At Steve and Cookie’s in Margate, seafood lovers will appreciate the herbaceous, chickpea-crusted Skuna Bay salmon served with watercress and grape tomatoes topped with a citrusy coriander vinaigrette, perfectly paired with a glass of crisp For Fathers 2011 New Zealand Sauvignon Blanc.
Closer to home, Classic Cake Company in Cherry Hill is now serving housemade gelato from chef Robert Bennett, who works with local farms to source strawberries, blueberries, apples and peaches for fresh fruit desserts. Jersey fruit, vanilla beans, fresh cream and other natural ingredients power these creamy summertime treats.
Comfort food gets a summer makeover at Red Owl Tavern on Chestnut Street, where Chef Jorge Chicas offers seared Loch Fyne salmon with baby arugula, marinated fennel and red onions in an orange-champagne vinaigrette. Add a salad of caperberries, baby heirloom tomatoes, olives, herbs, fingerling potatoes in a lemon-honey vinaigrette for an ideal light summer supper.
For a more casual, down-home take on warm-weather fare, MilkBoy executive chef Joel Mazigian grills lamb sausage topped with pickled veggies. His barbecue chicken sliders with a side of slaw deliver a backyard barbecue on a plate.
With its rolling hills, scenic country roads and quaint towns, Bucks County makes for an ideal day trip or overnight getaway. Eat your way from one side of the county to the other, starting with a honey lavender ice cream cone from OWowCow Creamery in Ottsville and Wrightstown, which only serves handmade ice cream using locally sourced and organic ingredients.
Drinking seasonal produce is as much fun as eating it at Havana in New Hope, where fresh mint and other herbs power an extensive cocktail menu that includes 10 different kinds of mojitos, best enjoyed on the outdoor patio at this Main Street hotspot.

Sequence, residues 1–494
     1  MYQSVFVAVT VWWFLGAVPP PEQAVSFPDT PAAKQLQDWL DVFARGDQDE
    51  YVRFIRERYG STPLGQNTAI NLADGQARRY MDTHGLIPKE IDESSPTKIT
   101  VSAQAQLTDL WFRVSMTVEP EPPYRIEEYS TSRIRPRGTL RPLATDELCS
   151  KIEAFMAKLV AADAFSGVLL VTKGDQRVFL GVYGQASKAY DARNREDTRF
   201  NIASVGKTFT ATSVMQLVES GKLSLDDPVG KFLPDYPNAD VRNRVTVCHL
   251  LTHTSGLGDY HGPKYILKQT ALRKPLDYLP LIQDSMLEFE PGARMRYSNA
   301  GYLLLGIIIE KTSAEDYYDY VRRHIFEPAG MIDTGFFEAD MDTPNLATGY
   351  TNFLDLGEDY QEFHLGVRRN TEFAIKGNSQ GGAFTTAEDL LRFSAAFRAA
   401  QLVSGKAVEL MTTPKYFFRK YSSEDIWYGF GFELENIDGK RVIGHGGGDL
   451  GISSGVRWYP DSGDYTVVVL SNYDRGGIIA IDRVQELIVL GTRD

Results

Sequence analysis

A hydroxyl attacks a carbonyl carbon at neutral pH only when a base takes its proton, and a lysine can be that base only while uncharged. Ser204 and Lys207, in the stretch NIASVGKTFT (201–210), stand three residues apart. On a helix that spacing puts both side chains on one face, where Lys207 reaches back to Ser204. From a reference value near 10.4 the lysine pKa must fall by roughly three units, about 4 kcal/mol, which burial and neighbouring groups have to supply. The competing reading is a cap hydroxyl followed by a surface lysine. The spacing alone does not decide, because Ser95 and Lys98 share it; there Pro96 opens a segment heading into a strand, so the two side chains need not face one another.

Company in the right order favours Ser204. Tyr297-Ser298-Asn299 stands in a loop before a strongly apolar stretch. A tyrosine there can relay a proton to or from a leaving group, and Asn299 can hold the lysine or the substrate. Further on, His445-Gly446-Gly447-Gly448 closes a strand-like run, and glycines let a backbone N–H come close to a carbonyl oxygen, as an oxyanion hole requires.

Marsha Brown, also in New Hope, offers unique Creole fare in a renovated church. The chef’s mother loved eggplant, a summer crop that works beautifully in a soulful vegetarian Napoleon with roasted pepper and other seasonal veggies flavored with a Creole butter sauce.
While you’re wandering, pop into one of the many Bucks County wineries that dot the hillsides. Try a glass of the Summer Solstice wine at Peace Valley, a refreshing semi-sweet white wine infused with fruit flavors that pairs well with spicy summer fare. Look for Summer Solstice starting in mid-June.
Although mushrooms are usually more associated with the fall, chef Brett Hulbert at Portabello’s of Kennett Square dreams up inventive ways to use the fungi all year long. Grab a seat at this cozy BYO and order a plate of To-Jo Farm portabello fries, served with a horseradish-chive dipping sauce. Tender, local exotic mushrooms keep company with roasted garlic in a Madeira-infused crepe garnished with spring onions. And the portabello “cheesesteak,” dripping with cave-aged provolone and sweet onions, is tasty enough to become a favorite sandwich no matter what the temperature.
Beth D’Addono is making us hungry. This article originally appeared in This Summer, a Jewish Exponent publication.